Consequently, suppliers value customers who are able to reduce capacity during peak times, or at least do not increase consumption during those periods. By reducing demand, or at least maintaining a level "load profile," you will get a better deal.
Similarly, because suppliers value customers who can make use of otherwise idle power supplies during non-peak periods, by shifting usage away from the peak afternoon periods, you may get a better price. A good consultant will examine your load profile and discuss possible ways to improve it.
Beyond load profiles, there are also various ways to buy electricity depending on your business goals. Market price of electricity varies on hourly as well as seasonal basis, sometimes dramatically.
However, if you require certainty in pricing and budget forecasts, you may chose to pay a premium fora traditional fixed price contract. Alternatively, if you are willing to tolerate some swings in the market price, you may choose a cheaper indexed price and try to cut back on consumption during market highs.
You could also choose a hybrid, which allows fixed prices for a block of power and indexing for additional, optional, power requirements. All of these are issues to discuss with a consultant.
If your supplier fails to deliver, then you are automatically put on "default service" by the utility, an expensive proposition, especially during peak use periods. Therefore customers must examine the credit-worthiness of the supplier.
The power contract must also have acceptable terms. For example, under what circumstances or conditions can the supplier terminate? Contracts have been offered allowing the supplier to terminate simply because the supplier decided to withdraw from a particular state's market.
If the supplier exercises that option during a heat wave, can you afford to pay the peak hourly prices on the spot market? Does the contract obligate the supplier to supply all of the power that you request?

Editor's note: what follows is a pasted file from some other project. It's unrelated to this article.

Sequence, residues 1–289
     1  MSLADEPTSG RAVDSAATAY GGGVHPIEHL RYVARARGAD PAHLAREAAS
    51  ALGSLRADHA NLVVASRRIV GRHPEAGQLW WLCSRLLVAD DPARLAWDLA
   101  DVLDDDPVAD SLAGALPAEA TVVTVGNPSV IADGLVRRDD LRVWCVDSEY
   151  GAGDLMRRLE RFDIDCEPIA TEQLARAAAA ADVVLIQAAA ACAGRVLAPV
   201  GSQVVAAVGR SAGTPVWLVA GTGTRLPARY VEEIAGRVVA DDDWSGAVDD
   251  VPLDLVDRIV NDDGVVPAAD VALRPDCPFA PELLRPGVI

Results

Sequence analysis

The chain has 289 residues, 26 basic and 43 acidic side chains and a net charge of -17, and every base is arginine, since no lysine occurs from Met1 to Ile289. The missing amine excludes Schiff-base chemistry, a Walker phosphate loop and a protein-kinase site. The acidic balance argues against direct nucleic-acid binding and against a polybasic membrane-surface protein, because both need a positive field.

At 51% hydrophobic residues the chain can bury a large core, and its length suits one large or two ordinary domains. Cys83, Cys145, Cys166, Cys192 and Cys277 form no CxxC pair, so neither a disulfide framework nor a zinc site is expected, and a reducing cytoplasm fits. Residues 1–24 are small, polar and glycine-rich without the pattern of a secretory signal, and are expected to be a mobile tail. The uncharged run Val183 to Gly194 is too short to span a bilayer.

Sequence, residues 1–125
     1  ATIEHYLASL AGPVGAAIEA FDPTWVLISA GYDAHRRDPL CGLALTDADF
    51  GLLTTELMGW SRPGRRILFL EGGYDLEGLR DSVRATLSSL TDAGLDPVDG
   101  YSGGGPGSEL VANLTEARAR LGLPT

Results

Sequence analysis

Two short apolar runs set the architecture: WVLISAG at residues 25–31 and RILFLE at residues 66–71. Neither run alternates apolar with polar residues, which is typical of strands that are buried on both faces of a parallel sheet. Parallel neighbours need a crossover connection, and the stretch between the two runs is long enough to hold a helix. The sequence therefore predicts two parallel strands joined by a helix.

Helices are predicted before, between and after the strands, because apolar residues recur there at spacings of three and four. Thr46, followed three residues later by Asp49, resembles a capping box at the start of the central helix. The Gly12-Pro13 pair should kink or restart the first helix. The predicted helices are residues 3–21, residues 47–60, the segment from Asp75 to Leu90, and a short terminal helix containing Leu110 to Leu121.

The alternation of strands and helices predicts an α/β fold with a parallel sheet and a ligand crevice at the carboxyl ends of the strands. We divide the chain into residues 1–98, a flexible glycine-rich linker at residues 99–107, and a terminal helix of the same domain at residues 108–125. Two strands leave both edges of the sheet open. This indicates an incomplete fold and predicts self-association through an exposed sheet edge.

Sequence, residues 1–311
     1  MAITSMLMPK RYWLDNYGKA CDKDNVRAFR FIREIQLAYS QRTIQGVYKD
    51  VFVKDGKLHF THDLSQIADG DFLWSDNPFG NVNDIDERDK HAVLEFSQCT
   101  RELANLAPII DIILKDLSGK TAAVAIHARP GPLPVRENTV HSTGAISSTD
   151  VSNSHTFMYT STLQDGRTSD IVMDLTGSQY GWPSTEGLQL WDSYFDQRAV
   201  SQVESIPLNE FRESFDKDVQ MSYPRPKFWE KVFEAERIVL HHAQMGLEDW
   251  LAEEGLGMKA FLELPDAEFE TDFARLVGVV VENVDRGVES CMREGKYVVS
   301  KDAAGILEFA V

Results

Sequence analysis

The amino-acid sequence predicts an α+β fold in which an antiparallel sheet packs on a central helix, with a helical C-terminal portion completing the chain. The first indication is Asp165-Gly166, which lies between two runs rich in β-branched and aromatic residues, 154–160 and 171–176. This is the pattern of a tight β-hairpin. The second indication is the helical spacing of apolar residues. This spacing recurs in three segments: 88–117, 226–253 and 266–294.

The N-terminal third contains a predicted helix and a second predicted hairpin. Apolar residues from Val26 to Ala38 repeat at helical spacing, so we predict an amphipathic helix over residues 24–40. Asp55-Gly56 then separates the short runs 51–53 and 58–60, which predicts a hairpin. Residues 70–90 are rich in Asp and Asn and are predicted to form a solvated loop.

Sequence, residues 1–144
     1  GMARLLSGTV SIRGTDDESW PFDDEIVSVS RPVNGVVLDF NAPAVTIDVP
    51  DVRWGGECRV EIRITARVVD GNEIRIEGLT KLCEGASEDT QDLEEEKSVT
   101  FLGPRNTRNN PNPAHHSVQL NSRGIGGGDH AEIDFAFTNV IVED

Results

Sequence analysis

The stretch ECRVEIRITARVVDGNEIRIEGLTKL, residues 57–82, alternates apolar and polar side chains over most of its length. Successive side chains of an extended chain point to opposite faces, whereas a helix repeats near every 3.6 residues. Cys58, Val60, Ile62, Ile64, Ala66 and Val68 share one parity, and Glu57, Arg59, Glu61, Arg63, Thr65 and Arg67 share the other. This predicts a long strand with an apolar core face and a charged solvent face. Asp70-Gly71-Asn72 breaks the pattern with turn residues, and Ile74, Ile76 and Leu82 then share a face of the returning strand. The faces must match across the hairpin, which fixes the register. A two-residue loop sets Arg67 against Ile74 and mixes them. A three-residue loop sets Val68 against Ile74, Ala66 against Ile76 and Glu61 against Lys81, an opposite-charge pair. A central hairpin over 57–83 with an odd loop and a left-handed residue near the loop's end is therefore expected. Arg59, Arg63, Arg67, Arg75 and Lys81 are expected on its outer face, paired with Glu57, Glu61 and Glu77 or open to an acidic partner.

What does the contract provide about changes in your business? Remember that the supplier must reserve sufficient capacity to meet the peak load as shown by your historic load profile. Understandably, the supplier takes a risk that it will be paying for idle capacity if you reduce consumption - for example, by a closing a location.
Some contracts obligate the consumer to provide advance notice to the supplier of anticipated changes in consumption, limiting your future flexibility.
You must solve these issues in advance, because suppliers quote based on market conditions. Especially for large contracts, suppliers often quote prices that are only good for 24 or 48 hours.
If you delay your decision, there is often a hidden premium buried in the price to compensate for the risk of market changes while you are decided. This is especially difficult for companies where final decision on expensive power contracts is centered on level of management that is not normally involved in evaluating these issues.
It is a risky, complicated game, but there are opportunities for those who play it well.
This article was published in the October 2005 print issue of Atlantic Coast In-House.